Shall the Common Council of the City of Hudson amend the City Charter to replace the current ward method of weighted voting utilized by the City with voting districts of equal population such that every resident of the City of Hudson is equally represented on the City Council and the County Board of Supervisors?The referendum question proposes that the current five wards, which are static, geographic boundaries, be replaced with five voting districts of equal population, whose boundaries would change to reflect population changes with every decennial census.
According to the plan proposed by Alderman John Friedman (Third Ward), chair of the Legal Committee, the configuration of the five equipopulos districts would be determined by a "Redistricting Commission," which will tasked with coming up with a proposal within a year's time. It's hard to imagine that such a proposal could be dramatically different from the scheme that was worked out by attorney and Hudson resident Stephen Dunn, using 2010 census data to adjust the traditional ward boundaries to achieve five districts of equal population.
In preparation for writing his article about the resolution that will come before the Common Council in October, Mason interviewed all the usual suspects, including former mayor and now Fifth Ward supervisor Rick Scalera. Scalera had his own scheme for remedying the problem: create three voting districts while preserving the traditional ward boundaries by "combining the 1st and 3rd wards and the 2nd and 4th wards, and leaving the 5th ward as it is." According to Scalera, this would have the added benefit of cutting down on the cost of government, "as it would reduce the number of aldermen to six." Interesting idea--and an appealing one--but would it eliminate the need for a weighted vote to achieve the constitutional standard of one man, one vote? Not likely.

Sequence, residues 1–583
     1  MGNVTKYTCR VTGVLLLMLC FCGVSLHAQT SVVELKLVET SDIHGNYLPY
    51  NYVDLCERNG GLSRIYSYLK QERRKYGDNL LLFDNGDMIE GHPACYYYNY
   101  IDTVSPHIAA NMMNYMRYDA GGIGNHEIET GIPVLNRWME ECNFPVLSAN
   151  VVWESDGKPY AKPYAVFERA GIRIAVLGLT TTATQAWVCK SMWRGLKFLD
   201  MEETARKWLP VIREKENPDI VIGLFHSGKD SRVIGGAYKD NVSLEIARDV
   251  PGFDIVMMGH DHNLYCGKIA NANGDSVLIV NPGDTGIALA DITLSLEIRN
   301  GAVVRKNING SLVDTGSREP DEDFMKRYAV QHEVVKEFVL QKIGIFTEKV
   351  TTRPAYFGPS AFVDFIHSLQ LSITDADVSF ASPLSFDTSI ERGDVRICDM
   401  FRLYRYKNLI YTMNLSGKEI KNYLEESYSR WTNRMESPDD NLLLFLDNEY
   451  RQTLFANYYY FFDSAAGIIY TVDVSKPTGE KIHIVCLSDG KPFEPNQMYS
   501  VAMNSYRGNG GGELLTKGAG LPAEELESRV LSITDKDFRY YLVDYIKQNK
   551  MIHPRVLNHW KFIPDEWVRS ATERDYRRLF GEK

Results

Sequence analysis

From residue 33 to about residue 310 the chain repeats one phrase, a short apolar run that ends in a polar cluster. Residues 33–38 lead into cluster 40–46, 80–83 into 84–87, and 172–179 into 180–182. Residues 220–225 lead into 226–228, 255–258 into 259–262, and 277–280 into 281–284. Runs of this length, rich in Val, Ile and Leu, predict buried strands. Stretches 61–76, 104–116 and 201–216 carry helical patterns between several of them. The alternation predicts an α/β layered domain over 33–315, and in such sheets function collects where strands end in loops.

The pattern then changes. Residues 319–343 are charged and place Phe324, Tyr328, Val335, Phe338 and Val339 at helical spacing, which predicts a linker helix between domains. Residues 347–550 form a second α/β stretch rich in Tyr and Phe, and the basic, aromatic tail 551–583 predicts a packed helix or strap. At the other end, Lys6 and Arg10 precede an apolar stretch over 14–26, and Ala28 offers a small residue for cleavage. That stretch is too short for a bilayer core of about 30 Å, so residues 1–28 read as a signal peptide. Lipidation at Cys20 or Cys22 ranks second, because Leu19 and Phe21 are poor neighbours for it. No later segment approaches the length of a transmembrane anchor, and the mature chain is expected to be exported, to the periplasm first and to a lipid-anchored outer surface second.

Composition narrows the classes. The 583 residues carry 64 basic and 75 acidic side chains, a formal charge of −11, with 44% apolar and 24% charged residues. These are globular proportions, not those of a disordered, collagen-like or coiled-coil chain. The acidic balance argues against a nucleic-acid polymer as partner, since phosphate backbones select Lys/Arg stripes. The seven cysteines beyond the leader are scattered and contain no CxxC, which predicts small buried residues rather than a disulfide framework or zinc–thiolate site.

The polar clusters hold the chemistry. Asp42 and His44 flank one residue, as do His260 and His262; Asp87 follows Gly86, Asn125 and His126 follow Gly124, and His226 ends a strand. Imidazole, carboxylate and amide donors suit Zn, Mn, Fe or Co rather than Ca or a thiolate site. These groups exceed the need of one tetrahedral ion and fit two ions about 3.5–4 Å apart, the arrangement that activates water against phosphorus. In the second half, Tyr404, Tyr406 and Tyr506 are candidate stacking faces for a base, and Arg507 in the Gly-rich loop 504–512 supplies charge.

Using the data from the 2010 census, the combined population of the First (593) and Third (1,076) wards is 1,669; the combined population of the Second (1,477) and Fourth (716) wards is 2,193; and the population of the Fifth Ward is 2,541. 1,669, 2,193, 2,541--hardly equal. The votes of the six aldermen would still have to be weighted in order to achieve the constitutional standard.
To get an idea of what the weighted vote of the three voting districts proposed by Scalera might look like, let's compare the current weighted votes. The combined weighted votes of the First Ward aldermen (95 x 2 = 190) and the Third Ward aldermen (180 x 2 = 360) total 550. The combined weighted votes of the Second Ward aldermen (185 x 2 = 370) and the Fourth Ward aldermen (95 x 2 = 190) total 660. The votes of the two Fifth Ward aldermen (364 x 2 = 728) total 728. Although the situation would not be as dramatically inequitable as things are now, the Fifth Ward would still come out ahead: 550, 660, 728.
COPYRIGHT 2015 CAROLE OSTERINK